We also need to turn our attention to the regional scene, and do what is necessary to establish a regional "circuit" for our performing artistes - and not just for our calypsonians and reggae performers! Just like the USA, we too must have a well established Caribbean touring circuit, stretching from Suriname in the south to Bermuda in the north. Of course, this will call for inter-governmental cooperation, and a mechanism to subsidize transportation expenses for certified artistes.

The PEP is willing to work with the entertainers and artistes of Barbados to bring these ideas to fruition.

Tuesday, February 8, 2011

A Black Barbadian Profile in Courage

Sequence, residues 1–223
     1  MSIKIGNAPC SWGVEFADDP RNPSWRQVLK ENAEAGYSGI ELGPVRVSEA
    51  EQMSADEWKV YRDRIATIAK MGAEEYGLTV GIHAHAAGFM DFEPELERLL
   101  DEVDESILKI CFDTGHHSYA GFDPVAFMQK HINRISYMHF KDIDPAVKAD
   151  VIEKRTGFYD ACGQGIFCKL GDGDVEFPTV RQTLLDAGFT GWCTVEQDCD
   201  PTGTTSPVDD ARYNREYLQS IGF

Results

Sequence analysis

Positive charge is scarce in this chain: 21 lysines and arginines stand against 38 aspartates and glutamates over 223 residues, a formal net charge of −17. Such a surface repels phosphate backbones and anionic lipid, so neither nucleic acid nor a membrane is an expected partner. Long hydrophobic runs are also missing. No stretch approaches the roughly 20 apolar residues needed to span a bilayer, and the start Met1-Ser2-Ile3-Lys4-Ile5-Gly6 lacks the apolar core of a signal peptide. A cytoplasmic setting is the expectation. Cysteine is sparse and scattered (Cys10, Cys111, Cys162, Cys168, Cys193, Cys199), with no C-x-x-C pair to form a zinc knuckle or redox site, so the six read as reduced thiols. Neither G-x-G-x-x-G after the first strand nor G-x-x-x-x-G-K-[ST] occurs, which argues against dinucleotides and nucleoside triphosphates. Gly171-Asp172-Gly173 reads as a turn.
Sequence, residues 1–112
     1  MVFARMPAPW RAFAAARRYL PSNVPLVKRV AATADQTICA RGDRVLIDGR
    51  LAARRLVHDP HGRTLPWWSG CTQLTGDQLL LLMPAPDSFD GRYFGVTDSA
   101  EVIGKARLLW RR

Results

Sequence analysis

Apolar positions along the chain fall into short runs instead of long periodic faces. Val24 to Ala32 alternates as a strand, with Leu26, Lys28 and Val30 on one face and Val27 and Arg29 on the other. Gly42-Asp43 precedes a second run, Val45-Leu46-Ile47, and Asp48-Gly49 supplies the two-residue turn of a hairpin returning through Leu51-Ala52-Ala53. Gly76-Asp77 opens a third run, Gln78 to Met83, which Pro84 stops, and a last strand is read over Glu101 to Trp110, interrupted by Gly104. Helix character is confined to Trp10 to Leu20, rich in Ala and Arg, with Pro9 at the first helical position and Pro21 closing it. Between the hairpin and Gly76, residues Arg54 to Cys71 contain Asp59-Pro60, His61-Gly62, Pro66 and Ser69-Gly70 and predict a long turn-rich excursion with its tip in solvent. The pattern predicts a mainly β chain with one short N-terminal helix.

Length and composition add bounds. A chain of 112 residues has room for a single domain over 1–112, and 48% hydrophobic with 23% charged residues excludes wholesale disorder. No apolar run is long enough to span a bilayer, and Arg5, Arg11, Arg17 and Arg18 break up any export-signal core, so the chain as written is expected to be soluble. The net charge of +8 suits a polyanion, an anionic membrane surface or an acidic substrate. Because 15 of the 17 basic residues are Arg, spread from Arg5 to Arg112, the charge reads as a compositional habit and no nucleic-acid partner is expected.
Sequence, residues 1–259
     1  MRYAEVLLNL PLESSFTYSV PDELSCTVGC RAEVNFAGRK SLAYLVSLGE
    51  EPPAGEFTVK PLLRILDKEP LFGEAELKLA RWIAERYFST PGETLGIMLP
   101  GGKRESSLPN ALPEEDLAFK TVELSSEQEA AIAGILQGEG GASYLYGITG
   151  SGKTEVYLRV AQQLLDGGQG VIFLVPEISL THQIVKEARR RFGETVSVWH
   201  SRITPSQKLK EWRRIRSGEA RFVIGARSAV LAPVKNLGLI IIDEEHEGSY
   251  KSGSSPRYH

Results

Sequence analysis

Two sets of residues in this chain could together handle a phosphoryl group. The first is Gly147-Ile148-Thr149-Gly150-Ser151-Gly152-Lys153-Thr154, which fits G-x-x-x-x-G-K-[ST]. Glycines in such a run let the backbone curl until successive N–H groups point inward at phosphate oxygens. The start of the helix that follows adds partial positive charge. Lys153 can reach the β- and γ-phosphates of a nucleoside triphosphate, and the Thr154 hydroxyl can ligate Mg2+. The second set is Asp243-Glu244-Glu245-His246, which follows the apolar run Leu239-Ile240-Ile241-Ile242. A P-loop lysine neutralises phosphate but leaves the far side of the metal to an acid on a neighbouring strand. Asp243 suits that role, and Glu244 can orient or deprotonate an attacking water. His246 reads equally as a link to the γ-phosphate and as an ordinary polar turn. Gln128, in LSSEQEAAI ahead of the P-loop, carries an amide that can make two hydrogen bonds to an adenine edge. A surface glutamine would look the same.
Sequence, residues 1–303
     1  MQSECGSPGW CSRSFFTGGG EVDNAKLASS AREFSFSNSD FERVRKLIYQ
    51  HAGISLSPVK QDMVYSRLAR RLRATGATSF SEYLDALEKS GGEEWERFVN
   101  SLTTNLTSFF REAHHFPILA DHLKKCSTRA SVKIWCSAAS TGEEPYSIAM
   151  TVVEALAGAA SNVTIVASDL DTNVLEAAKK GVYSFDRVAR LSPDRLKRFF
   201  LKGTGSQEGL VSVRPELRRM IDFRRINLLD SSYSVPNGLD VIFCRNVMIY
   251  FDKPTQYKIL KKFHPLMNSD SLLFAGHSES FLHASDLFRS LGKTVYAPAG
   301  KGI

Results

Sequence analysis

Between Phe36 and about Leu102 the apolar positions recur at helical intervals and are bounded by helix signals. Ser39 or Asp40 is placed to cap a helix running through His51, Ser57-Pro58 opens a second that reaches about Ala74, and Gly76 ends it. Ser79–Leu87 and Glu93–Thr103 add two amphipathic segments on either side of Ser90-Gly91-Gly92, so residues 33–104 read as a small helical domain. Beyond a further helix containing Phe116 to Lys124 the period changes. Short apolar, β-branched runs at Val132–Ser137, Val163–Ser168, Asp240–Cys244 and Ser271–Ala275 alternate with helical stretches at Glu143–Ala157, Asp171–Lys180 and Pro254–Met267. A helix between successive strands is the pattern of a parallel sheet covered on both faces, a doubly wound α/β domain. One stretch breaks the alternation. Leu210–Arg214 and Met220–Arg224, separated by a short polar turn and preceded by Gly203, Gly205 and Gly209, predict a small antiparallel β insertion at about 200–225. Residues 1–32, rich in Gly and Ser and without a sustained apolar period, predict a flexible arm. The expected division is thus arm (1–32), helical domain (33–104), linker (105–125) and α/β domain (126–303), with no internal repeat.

In celebration of Black History Month, we would like to share with the Barbadian people a truly outstanding example of Black courage and heroism drawn from the annals of Barbadian history.

It was the year 1675, and the oppressive British slave colony of Barbados was celebrating its 50th year of existence. Indeed, by 1675, the island of Barbados had developed into the prized "jewel" in the British "crown" of colonial territories, and boasted a white population of 23,000 persons, and an enslaved black population of some 33,000 souls.

Furthermore, by 1675, the white slave-masters of Barbados had worked out a comprehensive system for keeping the enslaved Blacks or Africans in check and under control. According to the English writer, Francis Ligon, who published his "A True & Exact History of Barbadoes" in 1657, the slaveocracy’s method consisted of the following three components:-
(1) the Blacks were rigorously prevented from coming into contact with any weapons whatsoever, while, of course, the Whites were well armed with muskets and other firearms;